TERRE HAUTE —
One in four children in the Wabash Valley struggle with hunger every day.
One in six adults also wonder if they will have something to eat each day.
For the next week, 45 people in Terre Haute will participate in the United Way Hunger Challenge — limiting themselves to $4.18 per day of food — to experience how the average person receiving food assistance in Vigo County must limit themselves every day.
These Hunger Challenge participants are not among the “food insecure” people of the community. Some are educators, nurses, business people — even government officials. But the challenge is to live the life of a person facing hunger every day.
The feeling of hunger is different from food insecurity — the inability of people to obtain sufficient, nutritionally adequate and safe foods for their household.
More than 15 percent of all people in west central Indiana — and that includes 23 percent of children younger than 18 — are food insecure. That amounts to more than 13,400 children and more than 41,000 people total, according to current data from the Terre Haute Catholic Charities Foodbank.
On Friday, the challenge participants ate a meal together at Ryves Hall, receiving the same tuna casserole, fruit cup, salad, glass of water and slice of cake that a person walking into the soup kitchen will receive.
“Four to five hours from now, we’re going to be hungry again,” said Catholic Charities agency director John Etling, explaining to the challenged that the simple meal they ate will seem like a feast once they begin the challenge of living on a total of $29.27 for the next week — from Sunday through Saturday.
In fact, last year’s challenge participants had more to spend on their week of food and drink — $32. But, 500 more people than last year are now enrolled in Vigo County’s food stamp — or SNAP — program.
The rules of the challenge are simple. Participants cannot accept food other than what they buy in their $29.27 weekly allotment. They should not eat at parties or accept free samples of foods if they come from someplace where a person on food stamps would not have access.
Some of this year’s participants are taking the challenge for a second time, and they shared their experiences with others.
“It’s very humbling to do this,” said Rick Burger of Duke Energy, recalling how he woke up due to hunger in the middle of the night during the challenge, and realized that other people experience that on a regular basis.
In his professional work, Burger said, he has seen low-income people faced with the hard choice of purchasing food, medicine or utilities.
Foodbank director Tom Kuhl said he has made food deliveries to homes where the “cupboards are bare,” and those people truly had no food in their pantry or refrigerator.
When he took the challenge last year, Kuhl said, he ended up with only peanut butter and crackers to eat on the final two days, and it was a struggle.
Lori Danielson, who is employed by Clabber Girl, brought her high school-age children to the challenge lunch. While 14-year-old Ali and 15-year-old Spencer will not be doing the challenge themselves, they both will be shopping with their mother and going over her food budget for the challenge.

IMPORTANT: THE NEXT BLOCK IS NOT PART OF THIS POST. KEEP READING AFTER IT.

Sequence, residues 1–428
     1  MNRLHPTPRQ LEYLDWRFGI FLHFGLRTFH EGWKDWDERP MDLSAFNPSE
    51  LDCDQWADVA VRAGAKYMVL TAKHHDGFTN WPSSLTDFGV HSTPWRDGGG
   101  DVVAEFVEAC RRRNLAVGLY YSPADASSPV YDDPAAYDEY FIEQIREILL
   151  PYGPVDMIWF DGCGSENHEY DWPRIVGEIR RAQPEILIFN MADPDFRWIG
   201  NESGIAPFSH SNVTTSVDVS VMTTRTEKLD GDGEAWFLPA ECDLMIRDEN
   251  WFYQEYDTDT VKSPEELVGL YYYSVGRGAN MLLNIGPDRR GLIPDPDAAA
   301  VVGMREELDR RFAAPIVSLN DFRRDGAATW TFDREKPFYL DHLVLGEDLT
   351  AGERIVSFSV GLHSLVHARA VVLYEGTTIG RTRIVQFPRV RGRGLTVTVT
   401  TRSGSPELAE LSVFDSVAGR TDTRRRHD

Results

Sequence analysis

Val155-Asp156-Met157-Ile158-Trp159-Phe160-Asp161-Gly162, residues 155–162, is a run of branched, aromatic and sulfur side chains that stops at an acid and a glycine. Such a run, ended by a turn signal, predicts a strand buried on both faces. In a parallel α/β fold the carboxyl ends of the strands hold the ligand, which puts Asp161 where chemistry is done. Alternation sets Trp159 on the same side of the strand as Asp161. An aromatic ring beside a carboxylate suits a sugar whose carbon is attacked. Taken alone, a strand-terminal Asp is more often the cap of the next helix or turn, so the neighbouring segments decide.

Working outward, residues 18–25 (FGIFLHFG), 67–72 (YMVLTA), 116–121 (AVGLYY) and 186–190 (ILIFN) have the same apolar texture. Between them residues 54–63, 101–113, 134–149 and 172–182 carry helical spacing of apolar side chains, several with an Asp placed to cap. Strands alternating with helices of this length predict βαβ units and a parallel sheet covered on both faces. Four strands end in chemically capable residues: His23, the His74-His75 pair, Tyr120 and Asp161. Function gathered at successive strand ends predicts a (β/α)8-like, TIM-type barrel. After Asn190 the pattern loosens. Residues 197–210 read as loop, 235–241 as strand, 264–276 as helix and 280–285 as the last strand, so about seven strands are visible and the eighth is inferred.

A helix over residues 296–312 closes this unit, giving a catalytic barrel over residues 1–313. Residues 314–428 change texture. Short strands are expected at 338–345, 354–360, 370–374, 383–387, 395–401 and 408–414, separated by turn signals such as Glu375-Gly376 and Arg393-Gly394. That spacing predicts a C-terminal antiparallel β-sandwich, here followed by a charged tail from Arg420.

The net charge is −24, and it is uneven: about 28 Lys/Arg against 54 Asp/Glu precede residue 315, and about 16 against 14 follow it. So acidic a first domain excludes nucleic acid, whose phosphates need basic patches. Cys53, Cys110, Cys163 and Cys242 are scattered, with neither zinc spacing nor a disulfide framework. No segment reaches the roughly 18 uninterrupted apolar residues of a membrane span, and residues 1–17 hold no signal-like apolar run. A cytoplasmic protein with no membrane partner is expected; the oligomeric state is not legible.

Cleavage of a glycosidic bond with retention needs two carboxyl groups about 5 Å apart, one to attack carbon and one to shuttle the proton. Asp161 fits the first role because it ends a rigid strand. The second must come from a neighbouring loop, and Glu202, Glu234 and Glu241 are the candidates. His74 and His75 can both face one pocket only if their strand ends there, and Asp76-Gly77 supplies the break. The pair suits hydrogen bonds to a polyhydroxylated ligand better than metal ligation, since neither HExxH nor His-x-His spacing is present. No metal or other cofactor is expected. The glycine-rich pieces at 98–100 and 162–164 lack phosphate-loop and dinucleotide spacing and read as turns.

Spencer said he knows some students at school who would be considered food insecure, but being hungry is not an issue that teenagers want to talk about to their friends.
Part of the reason for the challenge is also to get people talking about solutions for food insecurity in their communities. Some low-income children get through the weekends by receiving backpacks full of food to take home to feed themselves.
The Catholic Charities Foodbank distributes items to 86 member agencies in seven counties. The data for those counties may seem startling. By number, food insecurities is recorded as:
• 14.6 percent of the Clay County population, or 3,930 people including 1,520 children.
• 14.1 percent of the Greene County population, or 4,660 people including 1,690 children.
• 13.6 percent of the Knox County population, or 5,240 people including 1,750 children.
• 15.3 percent of the Parke County population, or 2,660 people including 870 children.
• 14.9 percent of the Sullivan County population, or 3,200 people including 930 children.
• 16.6 percent of the Vermillion County population, or 2,720 people including 970 children.
• 15.7 percent of the Vigo County population, or 18,730 people including 5,750 children.
On average, 16.2 percent of the state’s population is food insecure, while 24.5 percent of the state’s children are food insecure.
Those participating in the Hunger Challenge will get together the week after the challenge to share their experiences. Etling said he hopes participants will also share their experience of food insecurity with others, to help them understand why it is important for everyone to help support families who cannot feed themselves on a food stamps budget alone.
For more information about the Hunger Challenge, go online to www.uwwv.org. To learn more about helping to feed the hungry, go online to www.catholiccharities
Reporter Lisa Trigg can be reached at (812) 231-4254 or email@example.com. Follow her on Twitter @TribStarLisa.